Provincetown Cruise Port

Port of Provincetown: An Overview

Located at the northern tip of Cape Cod, Provincetown -- or simply P-town to locals -- is a well-established tourist haunt that has long been a haven for artists and writers, as well as the LBGT community.

The Pilgrims arrived there by ship in 1620. Portuguese whalers and fishermen came on the scene in the mid-1800s. At one point in the 1800s, the bustling port had 80 piers. By the 1970s, whaling had given way to whale-watching as the tourist industry took hold. Today, just three piers remain.

Cruise vessels dock at the quarter-mile-long MacMillan Pier, where artisans sell their goods from small stands. A town crier in full Pilgrim regalia greets visitors near the end of pier, calling, "Hear ye, hear ye. All is well in Provincetown because you are here!"

Its busy, boisterous and aptly named Commercial Street hosts a mix of scruffy and quaint -- T-shirt shops, taffy and fudge joints, high-end galleries and clubs featuring drag shows coexist here. Just outside of town, the Cape Cod National Seashore beckons with 40 pristine miles of habitats ranging from marshes to uplands to cranberry bogs. You can explore via biking and walking trails, or just hit one of its swimming beaches.

--By Jayne Clark, Cruise Critic contributor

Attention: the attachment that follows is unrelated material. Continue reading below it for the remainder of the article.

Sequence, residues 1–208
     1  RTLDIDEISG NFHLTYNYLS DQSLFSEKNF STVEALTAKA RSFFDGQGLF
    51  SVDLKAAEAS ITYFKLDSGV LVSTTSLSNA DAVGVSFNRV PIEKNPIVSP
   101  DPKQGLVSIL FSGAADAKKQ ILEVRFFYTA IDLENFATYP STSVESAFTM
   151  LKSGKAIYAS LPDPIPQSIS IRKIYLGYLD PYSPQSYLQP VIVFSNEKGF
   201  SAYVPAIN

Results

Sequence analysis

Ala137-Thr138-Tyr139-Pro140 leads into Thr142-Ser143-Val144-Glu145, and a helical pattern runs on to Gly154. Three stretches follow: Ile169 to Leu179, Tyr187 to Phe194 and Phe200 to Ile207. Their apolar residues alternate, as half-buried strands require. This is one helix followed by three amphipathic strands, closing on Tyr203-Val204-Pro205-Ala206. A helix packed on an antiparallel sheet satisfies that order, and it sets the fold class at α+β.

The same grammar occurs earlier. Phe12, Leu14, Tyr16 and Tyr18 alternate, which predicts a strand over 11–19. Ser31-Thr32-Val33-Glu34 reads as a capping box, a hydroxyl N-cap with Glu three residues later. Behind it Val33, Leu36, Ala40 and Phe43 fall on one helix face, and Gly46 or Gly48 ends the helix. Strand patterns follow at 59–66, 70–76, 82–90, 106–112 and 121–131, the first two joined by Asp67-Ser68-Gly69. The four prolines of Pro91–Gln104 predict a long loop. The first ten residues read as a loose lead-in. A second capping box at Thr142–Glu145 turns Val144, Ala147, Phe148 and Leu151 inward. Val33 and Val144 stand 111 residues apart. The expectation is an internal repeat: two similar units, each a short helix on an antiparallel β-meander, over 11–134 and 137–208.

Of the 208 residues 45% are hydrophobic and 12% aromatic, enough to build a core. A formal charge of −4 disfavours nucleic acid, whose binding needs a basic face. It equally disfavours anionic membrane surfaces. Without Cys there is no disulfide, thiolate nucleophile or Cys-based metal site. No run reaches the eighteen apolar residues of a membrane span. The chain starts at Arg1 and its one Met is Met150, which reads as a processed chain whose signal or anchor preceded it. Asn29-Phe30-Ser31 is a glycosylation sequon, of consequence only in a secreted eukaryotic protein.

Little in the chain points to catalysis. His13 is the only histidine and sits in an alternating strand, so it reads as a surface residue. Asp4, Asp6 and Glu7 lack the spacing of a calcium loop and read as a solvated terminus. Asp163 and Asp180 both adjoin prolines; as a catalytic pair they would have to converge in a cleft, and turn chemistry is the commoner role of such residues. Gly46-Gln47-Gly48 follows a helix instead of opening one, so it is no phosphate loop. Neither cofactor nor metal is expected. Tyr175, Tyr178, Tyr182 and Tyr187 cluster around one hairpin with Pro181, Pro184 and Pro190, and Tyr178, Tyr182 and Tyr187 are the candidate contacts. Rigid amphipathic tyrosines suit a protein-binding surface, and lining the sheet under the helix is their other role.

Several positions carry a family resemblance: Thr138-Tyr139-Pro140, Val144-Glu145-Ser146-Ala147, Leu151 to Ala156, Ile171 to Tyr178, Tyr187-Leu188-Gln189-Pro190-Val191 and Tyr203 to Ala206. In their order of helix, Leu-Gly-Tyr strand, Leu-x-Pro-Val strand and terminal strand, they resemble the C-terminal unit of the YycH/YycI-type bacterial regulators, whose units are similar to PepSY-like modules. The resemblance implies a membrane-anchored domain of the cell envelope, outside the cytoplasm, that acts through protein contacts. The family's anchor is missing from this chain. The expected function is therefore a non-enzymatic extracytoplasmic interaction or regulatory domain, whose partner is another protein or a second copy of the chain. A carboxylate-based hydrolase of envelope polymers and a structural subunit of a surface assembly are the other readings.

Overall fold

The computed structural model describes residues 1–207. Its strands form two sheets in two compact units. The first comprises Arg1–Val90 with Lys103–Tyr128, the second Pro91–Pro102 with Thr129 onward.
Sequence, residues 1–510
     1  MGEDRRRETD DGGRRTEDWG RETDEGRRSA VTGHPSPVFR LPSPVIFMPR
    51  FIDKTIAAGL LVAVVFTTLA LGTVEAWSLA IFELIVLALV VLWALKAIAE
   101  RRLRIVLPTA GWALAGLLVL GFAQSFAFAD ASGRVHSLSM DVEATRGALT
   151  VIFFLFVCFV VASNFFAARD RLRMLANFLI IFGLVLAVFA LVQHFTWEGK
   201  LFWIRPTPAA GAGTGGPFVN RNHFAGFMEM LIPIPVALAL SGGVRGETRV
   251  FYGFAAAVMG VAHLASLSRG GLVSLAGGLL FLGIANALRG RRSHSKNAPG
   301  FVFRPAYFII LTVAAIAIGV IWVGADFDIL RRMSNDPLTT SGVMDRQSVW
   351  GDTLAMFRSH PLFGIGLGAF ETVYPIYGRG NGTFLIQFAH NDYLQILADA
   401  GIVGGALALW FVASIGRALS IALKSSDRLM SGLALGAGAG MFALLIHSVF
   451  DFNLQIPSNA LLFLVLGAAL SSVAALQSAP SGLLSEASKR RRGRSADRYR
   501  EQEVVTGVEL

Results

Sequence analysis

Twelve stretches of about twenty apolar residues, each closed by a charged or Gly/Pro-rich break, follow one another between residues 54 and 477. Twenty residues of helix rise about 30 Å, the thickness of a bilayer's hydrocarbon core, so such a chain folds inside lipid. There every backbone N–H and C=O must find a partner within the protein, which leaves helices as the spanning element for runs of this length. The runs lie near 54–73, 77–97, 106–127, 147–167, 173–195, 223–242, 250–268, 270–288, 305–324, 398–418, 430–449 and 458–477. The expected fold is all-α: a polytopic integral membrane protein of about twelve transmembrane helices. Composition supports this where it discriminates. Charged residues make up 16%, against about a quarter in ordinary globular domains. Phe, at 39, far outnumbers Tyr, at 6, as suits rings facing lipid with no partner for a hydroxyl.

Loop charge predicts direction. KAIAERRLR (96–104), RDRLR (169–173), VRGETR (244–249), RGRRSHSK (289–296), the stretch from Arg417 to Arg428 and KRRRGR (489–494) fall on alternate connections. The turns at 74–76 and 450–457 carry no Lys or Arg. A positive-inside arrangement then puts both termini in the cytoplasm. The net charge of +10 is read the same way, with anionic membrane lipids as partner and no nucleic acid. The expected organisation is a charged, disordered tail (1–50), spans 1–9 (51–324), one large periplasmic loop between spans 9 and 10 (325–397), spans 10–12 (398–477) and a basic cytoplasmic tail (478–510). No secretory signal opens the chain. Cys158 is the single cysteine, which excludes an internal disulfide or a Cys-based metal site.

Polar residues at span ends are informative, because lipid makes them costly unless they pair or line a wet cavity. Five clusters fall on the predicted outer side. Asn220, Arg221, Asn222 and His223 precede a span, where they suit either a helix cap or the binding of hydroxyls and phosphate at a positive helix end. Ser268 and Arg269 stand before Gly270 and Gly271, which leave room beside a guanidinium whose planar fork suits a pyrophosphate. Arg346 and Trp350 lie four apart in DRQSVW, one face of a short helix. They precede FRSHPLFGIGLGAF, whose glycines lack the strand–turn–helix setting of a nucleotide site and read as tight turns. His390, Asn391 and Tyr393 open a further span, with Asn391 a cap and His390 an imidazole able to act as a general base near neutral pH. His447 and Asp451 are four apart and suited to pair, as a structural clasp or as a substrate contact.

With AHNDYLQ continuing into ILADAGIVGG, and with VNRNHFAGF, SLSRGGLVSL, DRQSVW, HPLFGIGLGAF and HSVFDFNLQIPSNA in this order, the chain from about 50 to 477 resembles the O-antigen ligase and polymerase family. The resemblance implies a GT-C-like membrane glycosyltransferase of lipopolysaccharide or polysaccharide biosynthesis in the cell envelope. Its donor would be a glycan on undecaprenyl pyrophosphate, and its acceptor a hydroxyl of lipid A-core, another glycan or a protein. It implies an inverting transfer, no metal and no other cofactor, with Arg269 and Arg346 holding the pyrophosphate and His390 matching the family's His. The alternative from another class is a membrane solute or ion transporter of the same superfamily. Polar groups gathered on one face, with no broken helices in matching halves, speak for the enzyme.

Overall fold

Don't Miss

The Pilgrim Monument: This 253-foot-tall granite tower is a homage to the Pilgrim's first landfall here in 1620 after their ship, the Mayflower, sought shelter during a storm. (They were originally bound for Virginia.) The tower was constructed between 1907 and 1910. Sixty ramps and 116 stairs lead to the top, where your efforts are rewarded with a spectacular view in all directions. A well-executed museum on the site contains exhibits relating to the history of Provincetown and the Outer Cape.

Rose Dorothea Schooner: A half-scale model of the ship fills the length of a second-floor room (66 feet!) in the town library. It took a decade to construct and, beyond being a curiosity, is a thing of beauty. Continue to the library's third floor for bay and harbor views that on clear days stretch for up to 15 miles.

Currency & Best Way to Get Money

There's an ATM in the alley by the Provincetown Portuguese Bakery at 299 Commercial Street. (After you get your cash, spend some at the bakery on malasada, a delicious fried-dough confection that's sort of a cross between a churro and a funnel cake.)


English is the official language.